When Portia first told the group that the challenge was going to be jeans, I was really nervous. The last thing I wanted was to end up with a garment that really looked like it had been cobbled together from old pairs of jeans. I went through the grungy 90s and I was not eager to return.
My first thought was to make a Nita Wrap Skirt, thinking the panels of the wrap skirt would lend itself well to recycled fabric. I did a bunch of research on what’s happening with denim this season and for a while even thought about trying to make overalls (denim jacket cut away for the top and a pair of jeans for the bottom). But it was too hard to find a jacket and pants that perfectly matched.
Somewhere in my research I stumbled upon skirts that had lighter denim in the front and darker in the back. So I found two pairs of jeans and set to work.
Initially I was going to do a button front pencil skirt but decided that the button placket would use too much fabric so I went for a zip front instead.
I cut apart my jeans and laid my skirt pattern pieces on top. Annnnnnd, they did not fit. So, I took my basic one dart block and adapted it for princess seams, eliminating the darts. More patterns pieces meant I could get one skirt panel out of each pant leg piece (8 skirt panels, 2 jeans=8 pant pieces). And no darts is ideal for a heavier fabric like denim.
I also added some curved front pockets for an extra bit of interest. I did try reusing the pockets from the jeans on the back of the skirt but it didn’t look great so I left it clean.
I ended up taking in the skirt quite a bit to get the fitted look I was going for. By the way, princess seams are quite nice for getting just the right fit. A princess seam shift dress was actually one of my first sewing projects way back in high school. It was so satisfying to be ale to take in all those seams in just the right places to create the perfect fit.
To attach the zipper, I applied interfacing to the seam allowance of the center front and pressed it to the wrong side. Then I basted and stitched the zipper to the center front. I took my time with it and it went in pretty easily. Be aware, that when your denim has stretch, this is a place where the fabric could warp and your zipper can look warped. I think mine probably did warp a bit actually. This zipper is a 24 inch metal separating zipper. So if I want to get undressed really fast, I can just unzip all the way. 😉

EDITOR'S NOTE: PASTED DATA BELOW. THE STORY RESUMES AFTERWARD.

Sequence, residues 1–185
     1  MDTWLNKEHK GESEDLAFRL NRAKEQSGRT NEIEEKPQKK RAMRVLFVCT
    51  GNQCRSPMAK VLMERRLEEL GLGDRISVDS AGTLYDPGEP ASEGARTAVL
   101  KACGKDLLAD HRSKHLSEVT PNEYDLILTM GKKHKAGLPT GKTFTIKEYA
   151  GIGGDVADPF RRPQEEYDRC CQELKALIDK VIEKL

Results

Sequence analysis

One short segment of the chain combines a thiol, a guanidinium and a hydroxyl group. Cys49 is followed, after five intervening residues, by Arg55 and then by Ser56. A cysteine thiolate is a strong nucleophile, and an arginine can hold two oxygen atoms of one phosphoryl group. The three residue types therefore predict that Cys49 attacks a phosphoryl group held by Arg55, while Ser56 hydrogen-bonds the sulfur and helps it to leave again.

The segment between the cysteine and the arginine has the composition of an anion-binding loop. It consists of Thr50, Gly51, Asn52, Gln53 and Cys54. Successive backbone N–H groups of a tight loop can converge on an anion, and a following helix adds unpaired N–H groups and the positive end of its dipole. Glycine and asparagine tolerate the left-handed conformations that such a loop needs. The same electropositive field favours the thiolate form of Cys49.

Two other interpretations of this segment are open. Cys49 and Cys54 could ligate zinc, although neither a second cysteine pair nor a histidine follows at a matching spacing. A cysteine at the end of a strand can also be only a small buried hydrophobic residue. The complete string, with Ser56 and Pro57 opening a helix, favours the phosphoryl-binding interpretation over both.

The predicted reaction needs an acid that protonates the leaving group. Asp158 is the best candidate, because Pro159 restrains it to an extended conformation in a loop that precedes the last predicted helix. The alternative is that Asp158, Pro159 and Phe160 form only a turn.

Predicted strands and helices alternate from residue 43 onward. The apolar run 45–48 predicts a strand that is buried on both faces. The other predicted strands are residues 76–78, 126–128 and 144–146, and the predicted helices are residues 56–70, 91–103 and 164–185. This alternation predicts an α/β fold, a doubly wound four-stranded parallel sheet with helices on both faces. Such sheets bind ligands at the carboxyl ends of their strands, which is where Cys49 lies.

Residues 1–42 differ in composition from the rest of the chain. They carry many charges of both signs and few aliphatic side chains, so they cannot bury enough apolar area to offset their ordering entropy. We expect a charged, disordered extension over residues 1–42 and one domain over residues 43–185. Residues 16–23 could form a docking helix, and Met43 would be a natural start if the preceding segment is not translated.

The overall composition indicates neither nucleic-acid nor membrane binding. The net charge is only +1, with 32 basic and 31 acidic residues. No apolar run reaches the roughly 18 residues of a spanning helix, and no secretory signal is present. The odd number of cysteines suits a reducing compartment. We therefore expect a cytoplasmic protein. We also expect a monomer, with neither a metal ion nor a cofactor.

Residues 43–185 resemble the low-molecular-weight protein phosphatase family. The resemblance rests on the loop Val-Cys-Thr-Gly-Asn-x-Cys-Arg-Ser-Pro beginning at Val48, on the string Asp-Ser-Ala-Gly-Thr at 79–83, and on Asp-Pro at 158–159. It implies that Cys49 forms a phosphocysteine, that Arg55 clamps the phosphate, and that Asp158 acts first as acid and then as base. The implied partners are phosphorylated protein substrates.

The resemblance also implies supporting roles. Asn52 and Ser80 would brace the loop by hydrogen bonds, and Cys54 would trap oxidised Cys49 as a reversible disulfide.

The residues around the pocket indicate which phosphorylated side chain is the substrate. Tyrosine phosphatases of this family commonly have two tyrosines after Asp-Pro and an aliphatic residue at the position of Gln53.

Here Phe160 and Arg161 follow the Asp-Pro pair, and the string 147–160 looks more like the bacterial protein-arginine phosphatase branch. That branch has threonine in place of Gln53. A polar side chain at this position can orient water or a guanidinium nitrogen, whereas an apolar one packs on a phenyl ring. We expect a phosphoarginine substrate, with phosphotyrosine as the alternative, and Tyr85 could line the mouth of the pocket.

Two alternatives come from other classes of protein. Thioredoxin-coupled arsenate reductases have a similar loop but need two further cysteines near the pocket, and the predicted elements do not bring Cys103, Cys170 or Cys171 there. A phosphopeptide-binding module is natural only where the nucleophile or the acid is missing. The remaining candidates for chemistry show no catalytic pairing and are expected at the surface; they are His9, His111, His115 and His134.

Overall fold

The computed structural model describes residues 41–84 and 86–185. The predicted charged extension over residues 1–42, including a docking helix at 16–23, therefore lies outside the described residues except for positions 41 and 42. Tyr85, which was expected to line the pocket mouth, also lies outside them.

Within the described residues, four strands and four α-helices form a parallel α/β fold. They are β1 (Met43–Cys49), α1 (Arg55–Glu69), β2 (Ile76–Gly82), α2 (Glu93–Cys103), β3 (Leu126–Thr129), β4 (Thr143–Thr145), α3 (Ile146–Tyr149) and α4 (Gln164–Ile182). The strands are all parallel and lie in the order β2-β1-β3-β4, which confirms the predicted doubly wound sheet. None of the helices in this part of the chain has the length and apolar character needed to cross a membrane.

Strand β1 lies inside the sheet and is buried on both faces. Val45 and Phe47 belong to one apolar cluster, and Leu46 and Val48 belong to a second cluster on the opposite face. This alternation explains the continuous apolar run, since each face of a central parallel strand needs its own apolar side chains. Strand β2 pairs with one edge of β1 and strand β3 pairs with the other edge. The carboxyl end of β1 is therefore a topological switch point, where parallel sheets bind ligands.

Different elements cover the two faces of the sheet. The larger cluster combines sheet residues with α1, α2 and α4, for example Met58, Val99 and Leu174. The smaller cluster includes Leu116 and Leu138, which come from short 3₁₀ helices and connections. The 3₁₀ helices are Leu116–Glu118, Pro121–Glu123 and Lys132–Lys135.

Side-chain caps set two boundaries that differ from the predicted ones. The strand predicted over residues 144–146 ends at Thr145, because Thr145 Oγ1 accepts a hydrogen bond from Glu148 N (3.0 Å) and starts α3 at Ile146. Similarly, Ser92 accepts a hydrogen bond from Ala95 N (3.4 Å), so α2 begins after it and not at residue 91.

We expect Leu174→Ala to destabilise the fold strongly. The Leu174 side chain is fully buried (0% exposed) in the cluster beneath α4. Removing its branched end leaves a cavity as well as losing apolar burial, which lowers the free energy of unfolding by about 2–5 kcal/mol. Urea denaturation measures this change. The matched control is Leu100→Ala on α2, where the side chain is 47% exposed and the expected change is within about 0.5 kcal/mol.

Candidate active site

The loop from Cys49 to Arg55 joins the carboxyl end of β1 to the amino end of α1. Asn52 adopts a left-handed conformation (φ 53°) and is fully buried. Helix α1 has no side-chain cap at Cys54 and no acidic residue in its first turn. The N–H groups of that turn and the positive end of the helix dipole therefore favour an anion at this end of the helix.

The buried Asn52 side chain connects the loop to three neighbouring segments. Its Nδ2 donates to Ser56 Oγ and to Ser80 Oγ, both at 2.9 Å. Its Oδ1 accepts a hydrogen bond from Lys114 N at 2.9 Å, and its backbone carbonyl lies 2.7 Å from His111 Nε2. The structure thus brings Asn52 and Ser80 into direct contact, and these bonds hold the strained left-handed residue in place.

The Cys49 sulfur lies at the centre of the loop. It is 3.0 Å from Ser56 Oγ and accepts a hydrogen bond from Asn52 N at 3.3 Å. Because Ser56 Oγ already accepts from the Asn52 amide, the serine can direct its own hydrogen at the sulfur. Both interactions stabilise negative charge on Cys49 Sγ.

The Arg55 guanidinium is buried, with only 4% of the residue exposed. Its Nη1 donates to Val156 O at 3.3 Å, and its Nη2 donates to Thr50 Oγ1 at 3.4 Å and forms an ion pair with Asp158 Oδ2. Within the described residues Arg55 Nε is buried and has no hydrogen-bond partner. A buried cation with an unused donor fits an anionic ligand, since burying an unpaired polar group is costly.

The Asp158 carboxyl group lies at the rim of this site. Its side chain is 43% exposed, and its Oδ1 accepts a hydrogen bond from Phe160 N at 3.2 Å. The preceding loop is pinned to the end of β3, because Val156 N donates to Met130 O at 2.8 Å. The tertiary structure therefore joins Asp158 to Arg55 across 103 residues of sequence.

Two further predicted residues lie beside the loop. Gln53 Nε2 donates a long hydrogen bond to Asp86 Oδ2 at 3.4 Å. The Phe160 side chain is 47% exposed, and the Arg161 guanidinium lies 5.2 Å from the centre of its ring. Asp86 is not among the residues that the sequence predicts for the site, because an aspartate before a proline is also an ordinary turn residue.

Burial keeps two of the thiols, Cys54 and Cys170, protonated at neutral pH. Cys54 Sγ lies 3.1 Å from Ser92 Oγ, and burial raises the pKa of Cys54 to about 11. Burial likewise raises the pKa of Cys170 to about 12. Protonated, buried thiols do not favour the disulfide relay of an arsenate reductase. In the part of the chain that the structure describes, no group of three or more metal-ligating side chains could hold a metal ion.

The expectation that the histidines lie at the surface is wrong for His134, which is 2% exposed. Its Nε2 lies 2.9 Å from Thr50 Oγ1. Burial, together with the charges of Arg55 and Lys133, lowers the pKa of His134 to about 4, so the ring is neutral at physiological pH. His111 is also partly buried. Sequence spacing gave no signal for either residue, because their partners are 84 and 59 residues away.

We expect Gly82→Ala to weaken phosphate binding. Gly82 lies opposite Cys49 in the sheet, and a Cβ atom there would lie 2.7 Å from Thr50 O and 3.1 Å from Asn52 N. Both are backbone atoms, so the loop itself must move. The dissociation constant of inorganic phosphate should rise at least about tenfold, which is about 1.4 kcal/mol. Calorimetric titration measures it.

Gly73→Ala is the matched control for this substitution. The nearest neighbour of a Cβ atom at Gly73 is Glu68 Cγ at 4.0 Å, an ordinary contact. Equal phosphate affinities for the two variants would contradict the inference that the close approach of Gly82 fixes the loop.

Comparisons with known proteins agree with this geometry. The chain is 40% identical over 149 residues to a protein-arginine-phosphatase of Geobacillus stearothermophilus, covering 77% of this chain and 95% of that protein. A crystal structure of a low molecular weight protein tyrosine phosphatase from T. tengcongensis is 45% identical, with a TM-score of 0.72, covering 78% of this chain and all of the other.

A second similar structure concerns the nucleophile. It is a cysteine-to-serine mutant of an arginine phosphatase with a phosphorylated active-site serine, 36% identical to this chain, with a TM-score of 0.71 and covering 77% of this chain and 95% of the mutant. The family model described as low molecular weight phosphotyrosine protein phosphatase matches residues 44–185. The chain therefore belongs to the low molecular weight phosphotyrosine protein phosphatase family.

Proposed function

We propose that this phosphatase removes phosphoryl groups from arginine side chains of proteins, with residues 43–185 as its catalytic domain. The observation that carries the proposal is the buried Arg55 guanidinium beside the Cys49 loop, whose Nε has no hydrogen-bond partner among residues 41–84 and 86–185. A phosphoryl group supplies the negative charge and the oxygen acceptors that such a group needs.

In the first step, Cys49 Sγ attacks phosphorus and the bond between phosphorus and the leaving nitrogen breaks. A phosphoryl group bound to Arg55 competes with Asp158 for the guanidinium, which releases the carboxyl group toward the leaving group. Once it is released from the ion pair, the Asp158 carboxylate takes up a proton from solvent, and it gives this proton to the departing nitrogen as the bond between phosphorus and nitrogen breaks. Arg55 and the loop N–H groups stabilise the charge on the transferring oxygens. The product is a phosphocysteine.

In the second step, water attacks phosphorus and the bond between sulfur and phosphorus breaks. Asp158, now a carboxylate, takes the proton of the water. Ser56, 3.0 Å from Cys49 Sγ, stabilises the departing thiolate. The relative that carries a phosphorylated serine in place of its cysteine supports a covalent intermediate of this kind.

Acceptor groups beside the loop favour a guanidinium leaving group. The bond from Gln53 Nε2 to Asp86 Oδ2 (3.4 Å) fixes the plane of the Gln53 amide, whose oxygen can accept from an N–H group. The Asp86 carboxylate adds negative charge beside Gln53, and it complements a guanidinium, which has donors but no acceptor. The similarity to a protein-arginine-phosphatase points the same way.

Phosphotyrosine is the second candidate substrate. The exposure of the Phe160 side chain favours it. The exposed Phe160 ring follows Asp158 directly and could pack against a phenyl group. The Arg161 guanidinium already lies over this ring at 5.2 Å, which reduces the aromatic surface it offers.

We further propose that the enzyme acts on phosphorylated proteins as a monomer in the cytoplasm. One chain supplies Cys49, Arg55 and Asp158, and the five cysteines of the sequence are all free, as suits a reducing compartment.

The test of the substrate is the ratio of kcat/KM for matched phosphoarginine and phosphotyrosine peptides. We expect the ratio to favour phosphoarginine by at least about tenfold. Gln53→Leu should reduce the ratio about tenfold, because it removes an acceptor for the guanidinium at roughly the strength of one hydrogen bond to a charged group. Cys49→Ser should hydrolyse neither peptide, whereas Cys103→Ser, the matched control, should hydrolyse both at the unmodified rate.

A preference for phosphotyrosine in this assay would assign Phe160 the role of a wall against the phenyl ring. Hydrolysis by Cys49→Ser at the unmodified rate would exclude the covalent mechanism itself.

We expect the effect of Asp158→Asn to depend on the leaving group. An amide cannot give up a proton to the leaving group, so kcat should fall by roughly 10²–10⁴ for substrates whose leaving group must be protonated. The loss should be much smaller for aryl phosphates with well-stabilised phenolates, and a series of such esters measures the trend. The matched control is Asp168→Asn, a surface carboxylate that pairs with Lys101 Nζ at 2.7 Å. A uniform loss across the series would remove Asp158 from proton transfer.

The light colored jeans came with a precut, frayed hem that I reused for the front center panel. I had to give it a couple tries to get the frayed edge even but I really like the stair step look.
To finish the waistband, I made a simple facing again to save on fabric. The only fabric I used that did not come from the jeans was a cotton I used for the pocket bags and the waistband facing.
And the final touch, to give it a little extra RTW polish, was to add rivets to the pockets. I’ve only installed rivets one time before when I made a pair of Birkin Flares. I definitely feel like I have not mastered it yet. Hopefully, with a little more practice I’ll be able to attach a rivet without smashing it. You really can’t see the bit of smashing unless you look very closely though.
During the refashioning I thought of a few tips that might be helpful as you start your own jeans refashioning adventures.
Tips for refashioning jeans
- If you’re buying, try to buy the biggest size you can, more fabric same amount of money. Also look for straight or wide legs as opposed to boot or skinny cut
- Look for jeans with little to no stretch. I’ve had unfortunate experiences, even with premium denim, stretching in unfortunate ways and refusing to go back into shape.
- Look for jeans without any fading. As you cut them up and rearrange the denim, the fading could look unnatural in its new incarnation.
- Most jeans have at least one seam that is constructed with a chain stitch. If the threads are not too meshed together from years of washing, you can clip the thread and pull to unravel the entire seam. It will only pull going one direction so try both ends of the seam.
This was a really fun project and I’m so thrilled that Portia asked me to participate. I really love the design of this skirt and I’m already thinking about playing around with it more.
I’m a lover of simplicity of design combined with little details and, even as a trouserphile non skirt wearer, this is really floating my boat! Love the separating zip. LOVE the stepped and frayed front hem and the contrast of light and dark denim between the front and back. AND the princess seam tip is a great one. Both in terms of fit AND creating multiple narrower pattern pieces that fit onto narrow jeans legs 🙂 Thank you so much Beth!!
You can find Beth here or here. And if you’re inspired to get your refashion on and enter the Community Challenge and be in with a chance of winning some epic prizes…DO IT! Deadline for entries is 30th Sept. Midnight GMT.
….I think you’ve got the idea now right? Essentially we want you to refashion some jeans! (You can find the full details/small print of the brief here). BUT, if you want to be in with a chance of winning one of these amazing prize packages you need to SHARE that refashion with us in one of the following ways:
- On Instagram: Share a pic using the hashtags #therefashioners2016 and #jeanius
- On Pinterest: There is a community board here where you can pin your makes. (You will need to request an invite to join)
- On Facebook: There is a community board here where you can post your makes (You will need to request an invite to join)
Only entries shared via the above 3 methods will be entered into the competition. Closing date for entries is 30th September 2016 Midnight GMT. Good luck!!